Theatrical release poster
|Directed by||John Boorman|
|Produced by||John Boorman|
|Screenplay by||John Boorman|
|Based on||The General|
by Paul Williams
|Music by||Richie Buckley|
|Distributed by||Sony Pictures Classics|
|Box office||$1.2 million (US)|
The General is an Irish crime film written and directed by John Boorman about Dublin crime boss Martin Cahill, who pulled off several daring heists in the early 1980s and attracted the attention of the Garda Síochána, IRA, and Ulster Volunteer Force. The film was shot in 1997 and released in 1998. Brendan Gleeson plays Cahill, Adrian Dunbar plays his friend Noel Curley, and Jon Voight plays Inspector Ned Kenny.
The story of Dubliner Martin Cahill, who pulled off two daring robberies but came into conflict with members of his gang and attracted attention from the police and the IRA and whose dealings with the UVF ultimately led to his downfall.
Director Boorman was himself one of Cahill's burglary victims. This event is dramatized in a scene in which Cahill breaks into a home, stealing a gold record and pilfering a watch from the wrist of a sleeping woman. The gold record, which Cahill later breaks in disgust after discovering it is not made of gold, was awarded for the score of Deliverance, Boorman's best-known film.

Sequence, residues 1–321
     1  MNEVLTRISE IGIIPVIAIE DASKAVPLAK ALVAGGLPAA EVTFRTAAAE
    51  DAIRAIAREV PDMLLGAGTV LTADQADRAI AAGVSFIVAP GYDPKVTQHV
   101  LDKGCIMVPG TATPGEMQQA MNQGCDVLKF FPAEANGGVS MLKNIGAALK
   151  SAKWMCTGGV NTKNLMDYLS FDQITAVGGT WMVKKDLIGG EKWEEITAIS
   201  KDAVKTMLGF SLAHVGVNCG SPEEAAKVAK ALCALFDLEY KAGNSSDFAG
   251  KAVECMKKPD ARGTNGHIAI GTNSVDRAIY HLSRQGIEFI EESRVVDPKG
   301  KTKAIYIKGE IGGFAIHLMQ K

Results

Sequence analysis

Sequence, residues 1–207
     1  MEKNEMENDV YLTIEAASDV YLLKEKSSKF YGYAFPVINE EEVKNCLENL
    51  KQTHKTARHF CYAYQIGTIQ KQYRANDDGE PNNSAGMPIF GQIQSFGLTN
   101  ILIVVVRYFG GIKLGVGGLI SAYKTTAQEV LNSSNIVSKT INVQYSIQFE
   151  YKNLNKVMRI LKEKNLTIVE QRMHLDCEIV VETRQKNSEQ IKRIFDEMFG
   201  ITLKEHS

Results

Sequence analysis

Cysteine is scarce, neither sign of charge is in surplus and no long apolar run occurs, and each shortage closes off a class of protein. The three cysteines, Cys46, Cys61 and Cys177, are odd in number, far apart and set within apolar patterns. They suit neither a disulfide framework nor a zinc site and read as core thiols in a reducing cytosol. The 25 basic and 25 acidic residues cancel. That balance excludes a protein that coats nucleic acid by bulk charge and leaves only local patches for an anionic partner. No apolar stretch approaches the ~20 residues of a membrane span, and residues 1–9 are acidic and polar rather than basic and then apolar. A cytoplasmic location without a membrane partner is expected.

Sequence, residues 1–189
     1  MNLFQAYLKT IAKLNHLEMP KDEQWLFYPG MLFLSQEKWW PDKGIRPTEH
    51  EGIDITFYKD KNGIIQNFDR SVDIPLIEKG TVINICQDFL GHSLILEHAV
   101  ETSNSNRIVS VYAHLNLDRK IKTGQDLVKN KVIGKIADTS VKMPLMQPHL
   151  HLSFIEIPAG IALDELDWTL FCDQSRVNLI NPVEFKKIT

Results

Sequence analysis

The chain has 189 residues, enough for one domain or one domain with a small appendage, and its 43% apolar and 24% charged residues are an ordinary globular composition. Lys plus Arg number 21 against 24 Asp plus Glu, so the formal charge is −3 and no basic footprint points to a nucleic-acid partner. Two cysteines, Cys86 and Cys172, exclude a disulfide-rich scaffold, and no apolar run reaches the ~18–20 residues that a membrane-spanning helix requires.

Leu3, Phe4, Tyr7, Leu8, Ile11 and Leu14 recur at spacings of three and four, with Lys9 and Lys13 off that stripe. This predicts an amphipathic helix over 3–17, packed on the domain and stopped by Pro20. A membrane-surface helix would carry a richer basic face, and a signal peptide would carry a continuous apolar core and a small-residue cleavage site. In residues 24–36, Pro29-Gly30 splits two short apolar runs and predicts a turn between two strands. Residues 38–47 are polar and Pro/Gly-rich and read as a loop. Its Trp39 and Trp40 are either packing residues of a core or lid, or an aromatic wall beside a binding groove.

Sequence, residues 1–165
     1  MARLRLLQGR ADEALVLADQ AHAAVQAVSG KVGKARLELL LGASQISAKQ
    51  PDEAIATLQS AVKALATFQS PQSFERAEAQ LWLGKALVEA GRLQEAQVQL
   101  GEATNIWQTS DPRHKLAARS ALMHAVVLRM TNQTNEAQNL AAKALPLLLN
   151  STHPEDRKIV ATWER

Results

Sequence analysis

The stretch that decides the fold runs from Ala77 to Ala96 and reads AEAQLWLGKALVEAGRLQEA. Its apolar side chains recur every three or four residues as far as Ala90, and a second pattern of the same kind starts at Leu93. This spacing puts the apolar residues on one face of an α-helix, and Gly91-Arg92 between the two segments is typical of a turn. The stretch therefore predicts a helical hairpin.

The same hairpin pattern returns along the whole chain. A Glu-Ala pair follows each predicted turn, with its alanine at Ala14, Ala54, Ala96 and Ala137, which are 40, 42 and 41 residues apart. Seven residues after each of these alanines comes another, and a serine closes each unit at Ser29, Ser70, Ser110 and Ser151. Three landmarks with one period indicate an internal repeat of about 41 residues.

Filming was at various locations around Dublin, including South Lotts and Ranelagh. Though shot in color, the theatrical release of the film was presented in black-and-white for artistic reasons, while an alternate version of the desaturated original color print was subsequently made available for television broadcast and home video. Asked why he chose to depict Cahill's life in black-and-white, Boorman later explained:
I love black-and-white, and since I was making the film independently -- I borrowed the money from the bank -- there was no one to tell me I couldn't. If I had made [The General] for a studio, they wouldn't let me do that. The other reason, the main reason, was because it was about recent events and people who were still alive. I wanted to give it a little distance. Black-and-white gives you that sort of parallel world. Also, it's very close to the condition of dreaming, to the unconscious. I wanted it to have this mythic level because I felt this character was an archetype. All throughout history, you find this rebel, this violent, funny, brilliant kind of character. I wanted to make that kind of connection, and black-and-white film helps. Up until the middle to late '60s, it was a choice to film in black-and-white or color. But then television became so vital to a film's finance, and television won't show black-and-white. So that killed it off, really.